The most interesting discussion to be had about this skill is whether or not it’s worth to wait the full 40 seconds for Tequila’s trait to fully buff his Attack or if using it immediately is better. This skill charges in exactly 20 seconds, giving Tequila just enough time to double his base Attack, and stays active for another 20 seconds for an uptime of exactly 50%. Meanwhile, if you wait 20 extra seconds for the full effect of his trait to come into play, this skill shoots off triple his regular Attack value but at a 33% uptime.
These two “manners” of casting the Skill should result in the same average DPS against 0 Defense enemies, but the moment their Defense increases even slightly, the numbers are going to favor waiting for his Trait’s effect to kick up. In general, it is recommended to wait for the full duration of the Trait charge-up time to use this Skill.
If you’re doing that, however, you might as well just use Tequila’s second Skill.
Skill 2: Esoteric Bladework
When activated, this Skill increases Tequila’s range one tile forwards in the direction he’s facing from all the tiles of his regular range (reminiscent of the aforementioned Truesilver Slash, just much shorter) and he gains the ability to attack two targets at the same time for 230% damage. This Skill can also be Charged (much like Carnelian) to increase the maximum target count to three and double its duration.
As with the previous Skill, this Charged version is the better option most often, due in part to the equal charge times both skills have: 20 seconds to get them ready, and another 20 to fully gain the effect of his Trait. In this case, however, this Skill also doubles in duration from 15 to 30 seconds, so it doesn’t waste a single second of DPS as the uptime is kept the exact same. The additional target is also a very welcome bonus for this type of Skill.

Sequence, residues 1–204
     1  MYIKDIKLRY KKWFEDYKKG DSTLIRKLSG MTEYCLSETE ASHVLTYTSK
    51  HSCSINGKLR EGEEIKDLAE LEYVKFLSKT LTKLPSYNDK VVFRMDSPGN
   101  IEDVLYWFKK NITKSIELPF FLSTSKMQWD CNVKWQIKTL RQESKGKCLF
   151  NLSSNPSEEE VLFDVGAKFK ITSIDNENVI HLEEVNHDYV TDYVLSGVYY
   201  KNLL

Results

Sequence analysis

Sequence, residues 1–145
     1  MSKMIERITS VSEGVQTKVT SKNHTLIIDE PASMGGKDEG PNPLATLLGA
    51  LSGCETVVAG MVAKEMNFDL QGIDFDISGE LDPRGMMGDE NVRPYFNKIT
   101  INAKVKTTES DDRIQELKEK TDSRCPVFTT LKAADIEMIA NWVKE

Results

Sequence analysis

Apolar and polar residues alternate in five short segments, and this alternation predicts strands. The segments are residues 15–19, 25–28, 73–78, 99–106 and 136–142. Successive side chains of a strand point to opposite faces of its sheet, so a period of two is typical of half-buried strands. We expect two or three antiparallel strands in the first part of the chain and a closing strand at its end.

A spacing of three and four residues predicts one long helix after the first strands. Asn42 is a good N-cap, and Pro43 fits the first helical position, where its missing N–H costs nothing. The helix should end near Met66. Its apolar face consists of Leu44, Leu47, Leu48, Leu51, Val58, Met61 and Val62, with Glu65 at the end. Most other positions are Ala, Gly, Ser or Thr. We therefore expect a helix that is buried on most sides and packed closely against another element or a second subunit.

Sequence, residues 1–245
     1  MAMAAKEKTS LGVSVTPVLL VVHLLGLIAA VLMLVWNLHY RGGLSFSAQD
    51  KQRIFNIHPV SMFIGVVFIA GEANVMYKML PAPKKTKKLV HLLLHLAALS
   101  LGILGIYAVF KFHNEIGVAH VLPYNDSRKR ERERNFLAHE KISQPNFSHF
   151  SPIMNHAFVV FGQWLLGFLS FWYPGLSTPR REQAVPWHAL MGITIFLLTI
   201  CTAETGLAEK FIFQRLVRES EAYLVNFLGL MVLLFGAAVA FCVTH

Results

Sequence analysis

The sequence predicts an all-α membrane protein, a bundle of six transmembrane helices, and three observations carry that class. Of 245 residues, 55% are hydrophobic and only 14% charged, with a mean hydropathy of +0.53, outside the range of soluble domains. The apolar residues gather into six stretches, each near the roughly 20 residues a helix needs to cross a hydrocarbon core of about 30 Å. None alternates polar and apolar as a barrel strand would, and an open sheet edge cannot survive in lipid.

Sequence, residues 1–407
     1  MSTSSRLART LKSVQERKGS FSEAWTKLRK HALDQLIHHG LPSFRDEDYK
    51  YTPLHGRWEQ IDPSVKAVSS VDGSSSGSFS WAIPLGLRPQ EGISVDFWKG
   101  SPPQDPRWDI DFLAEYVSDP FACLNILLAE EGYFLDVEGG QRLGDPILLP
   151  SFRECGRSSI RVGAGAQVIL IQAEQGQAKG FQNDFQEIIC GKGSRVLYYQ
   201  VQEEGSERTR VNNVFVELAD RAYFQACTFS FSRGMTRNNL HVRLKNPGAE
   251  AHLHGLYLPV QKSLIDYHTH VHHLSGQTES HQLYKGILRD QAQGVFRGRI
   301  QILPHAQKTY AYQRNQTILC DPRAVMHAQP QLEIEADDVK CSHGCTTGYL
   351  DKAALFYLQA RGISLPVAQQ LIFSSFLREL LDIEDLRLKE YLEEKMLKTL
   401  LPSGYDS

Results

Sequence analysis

This is Tequila’s most burst-oriented Skill and often his best option, as it balances a good uptime with actual offensive power that really earns him the title of “young SilverAsh”.
Quite amazingly, they actually both perform very, very similarly, to the point where players that lack SilverAsh should heavily consider investing into Tequila for their Physical burst option. Tequila can easily go toe-to-toe with SilverAsh or even beat him in both Burst DPS and On-Skill damage if they are hitting the same number of enemies, though he does get beaten pretty easily the moment the number of enemies surpasses his target cap of 3. The range is also a pretty big deal in this comparison, as Tequila’s simply cannot compete with SilverAsh’s total map domination, and his helidrop potential is greatly diminished on account of having to wait for his Trait to take its full effect for the best results.
Overall this is a really amazing Skill for a welfare Operator, though it does have some horrible Mastery gains. Give it a look if you feel you might be interested in a different sort of burst damage Operator! Just keep in mind he does not get a lot of mileage from Attack buffs like Warfarin’s, and instead prefers Inspire buffs like Sora or Alter Skadi.
So, should I purchase Tequila? Is this new Guard archetype even good? After we’ve just got another new one in the same event? Can he really compete with SilverAsh? The answer to these questions is PROBABLY. Tequila’s kit may be a little intimidating, especially for new players, but his damage is stacked sky-high and he can provide some much needed burst to players who still need a melee unit capable of filling that niche. Additionally, his base skill is especially notable as it combos incredibly well with Shamare and Bibeak, making upgrading him pay off in not that much time (compared to other Operators of his rarity, at least). His tiny Mastery gains also mean he’s almost as ready as he’ll ever be very quickly. Give him a try, he will not disappoint you!